Yes, he puts the
ball in your court (for instance, handing her the money before he asks her to
decide, then asking her to give it back if she wants to say no.)
hero’s primary motivation for tackling this challenge strong, simple, and
revealed early on?
Do we feel for the hero?
the hero start out with a shortsighted or wrongheaded philosophy (or accept a
false piece of advice early on)?
Yes, he keeps
saying “I just want to find out who I am”, but eventually he comes to want
the hero have a false or shortsighted goal in the first half?
Well, he gets one
very quickly: find out who he is.
the hero have an open fear or anxiety about his or her future, as well as a
hidden, private fear?
Open: that he’ll
be killed or captured. Private: that he’ll discover he’s not a good person
hero physically and emotionally vulnerable?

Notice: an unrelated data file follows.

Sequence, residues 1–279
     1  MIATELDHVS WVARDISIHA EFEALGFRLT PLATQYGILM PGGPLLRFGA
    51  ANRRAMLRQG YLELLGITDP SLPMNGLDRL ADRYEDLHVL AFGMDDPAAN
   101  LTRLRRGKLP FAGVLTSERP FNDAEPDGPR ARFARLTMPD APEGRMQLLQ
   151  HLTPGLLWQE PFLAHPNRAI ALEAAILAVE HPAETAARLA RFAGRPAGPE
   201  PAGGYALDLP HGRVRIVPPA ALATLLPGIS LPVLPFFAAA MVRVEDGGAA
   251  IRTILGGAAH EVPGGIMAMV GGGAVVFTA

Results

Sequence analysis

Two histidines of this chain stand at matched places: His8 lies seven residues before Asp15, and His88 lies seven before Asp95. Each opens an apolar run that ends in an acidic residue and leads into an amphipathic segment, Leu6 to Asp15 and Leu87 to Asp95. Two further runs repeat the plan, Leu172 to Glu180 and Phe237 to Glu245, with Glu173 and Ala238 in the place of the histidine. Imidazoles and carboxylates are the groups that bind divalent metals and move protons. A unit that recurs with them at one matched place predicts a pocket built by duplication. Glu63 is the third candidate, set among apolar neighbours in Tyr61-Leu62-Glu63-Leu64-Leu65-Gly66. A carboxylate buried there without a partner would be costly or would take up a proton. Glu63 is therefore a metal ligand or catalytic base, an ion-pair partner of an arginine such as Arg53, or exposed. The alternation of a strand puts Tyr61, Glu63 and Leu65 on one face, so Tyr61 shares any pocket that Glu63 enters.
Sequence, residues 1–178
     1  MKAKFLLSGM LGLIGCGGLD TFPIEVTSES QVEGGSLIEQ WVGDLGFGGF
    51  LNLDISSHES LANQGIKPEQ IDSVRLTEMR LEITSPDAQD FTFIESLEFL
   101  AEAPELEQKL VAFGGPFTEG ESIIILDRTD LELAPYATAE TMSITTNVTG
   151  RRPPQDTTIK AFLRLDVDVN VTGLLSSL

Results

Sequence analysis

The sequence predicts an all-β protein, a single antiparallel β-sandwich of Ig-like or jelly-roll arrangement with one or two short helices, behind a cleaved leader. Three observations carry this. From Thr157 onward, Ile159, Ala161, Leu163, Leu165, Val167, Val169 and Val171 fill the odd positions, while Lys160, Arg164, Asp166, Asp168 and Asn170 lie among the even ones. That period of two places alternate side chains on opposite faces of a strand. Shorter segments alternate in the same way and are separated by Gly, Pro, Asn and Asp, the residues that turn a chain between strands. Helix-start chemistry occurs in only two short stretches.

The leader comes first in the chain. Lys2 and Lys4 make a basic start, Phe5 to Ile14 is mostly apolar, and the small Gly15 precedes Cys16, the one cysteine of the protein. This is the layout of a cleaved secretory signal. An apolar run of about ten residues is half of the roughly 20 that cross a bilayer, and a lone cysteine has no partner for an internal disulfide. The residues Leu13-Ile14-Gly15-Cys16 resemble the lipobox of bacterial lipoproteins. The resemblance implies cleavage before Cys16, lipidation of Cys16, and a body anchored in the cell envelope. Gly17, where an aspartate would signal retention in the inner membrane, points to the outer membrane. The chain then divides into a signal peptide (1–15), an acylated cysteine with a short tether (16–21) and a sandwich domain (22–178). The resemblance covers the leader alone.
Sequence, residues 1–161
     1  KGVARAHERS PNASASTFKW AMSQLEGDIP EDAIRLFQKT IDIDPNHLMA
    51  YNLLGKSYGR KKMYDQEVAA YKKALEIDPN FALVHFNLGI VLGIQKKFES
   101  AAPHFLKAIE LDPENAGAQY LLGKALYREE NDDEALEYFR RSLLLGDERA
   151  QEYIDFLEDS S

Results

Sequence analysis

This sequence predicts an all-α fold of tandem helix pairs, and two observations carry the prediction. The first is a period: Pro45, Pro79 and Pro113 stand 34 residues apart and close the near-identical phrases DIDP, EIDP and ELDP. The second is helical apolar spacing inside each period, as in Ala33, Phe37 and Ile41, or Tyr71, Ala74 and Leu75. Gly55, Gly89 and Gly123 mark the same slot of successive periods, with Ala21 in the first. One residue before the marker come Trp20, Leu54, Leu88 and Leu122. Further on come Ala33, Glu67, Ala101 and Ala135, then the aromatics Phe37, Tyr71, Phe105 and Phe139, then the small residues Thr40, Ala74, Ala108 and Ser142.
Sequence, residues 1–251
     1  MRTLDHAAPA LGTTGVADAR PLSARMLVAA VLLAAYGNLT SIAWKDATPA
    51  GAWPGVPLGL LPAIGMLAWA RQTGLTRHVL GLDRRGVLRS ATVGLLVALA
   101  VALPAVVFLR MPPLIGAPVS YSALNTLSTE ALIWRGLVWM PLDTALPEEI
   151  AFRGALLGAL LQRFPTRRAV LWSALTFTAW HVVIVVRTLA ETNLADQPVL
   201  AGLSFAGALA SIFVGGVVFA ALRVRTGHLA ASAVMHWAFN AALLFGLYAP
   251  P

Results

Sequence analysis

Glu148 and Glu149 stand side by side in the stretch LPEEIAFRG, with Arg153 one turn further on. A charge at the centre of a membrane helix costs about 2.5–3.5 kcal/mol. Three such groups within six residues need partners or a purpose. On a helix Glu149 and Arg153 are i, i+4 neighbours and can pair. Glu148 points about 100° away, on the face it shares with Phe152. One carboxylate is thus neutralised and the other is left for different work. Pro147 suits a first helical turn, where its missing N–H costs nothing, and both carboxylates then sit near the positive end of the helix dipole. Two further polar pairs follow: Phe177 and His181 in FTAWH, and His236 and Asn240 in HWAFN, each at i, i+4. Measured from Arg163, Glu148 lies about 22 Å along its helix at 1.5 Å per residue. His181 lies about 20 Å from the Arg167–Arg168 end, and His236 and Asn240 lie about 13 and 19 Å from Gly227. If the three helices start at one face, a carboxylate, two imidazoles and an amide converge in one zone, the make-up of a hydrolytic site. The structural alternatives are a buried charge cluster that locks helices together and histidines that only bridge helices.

Moreso the latter,
because he’s pretty invulnerable once he’s in action, but the frequent shots
of the bulletholes in his sweater and back remind us on the one timehis skills failed him.
the hero have at least one untenable great flaw we empathize with? (but…)
Yes, he’s been
dehumanized and snapped like a broken machine.
Can we trust the hero to tackle this challenge?
…Is that great flaw (ironically) the natural
flip-side of a great strength we admire?
Yes, he’s a living
weapon, and he’s trying to become more human.
Yes, very much so.
hero generally resourceful?
Yes, very much so: taking the
walkie off the guard he knocks out, taking the floorplan off the wall,
the hero have rules he or she lives by (either stated or implied)?
Yes, identify the
exits, identify the threats, avoid capture
hero surrounded by people who sorely lack his or her most valuable quality?
Yes, all of the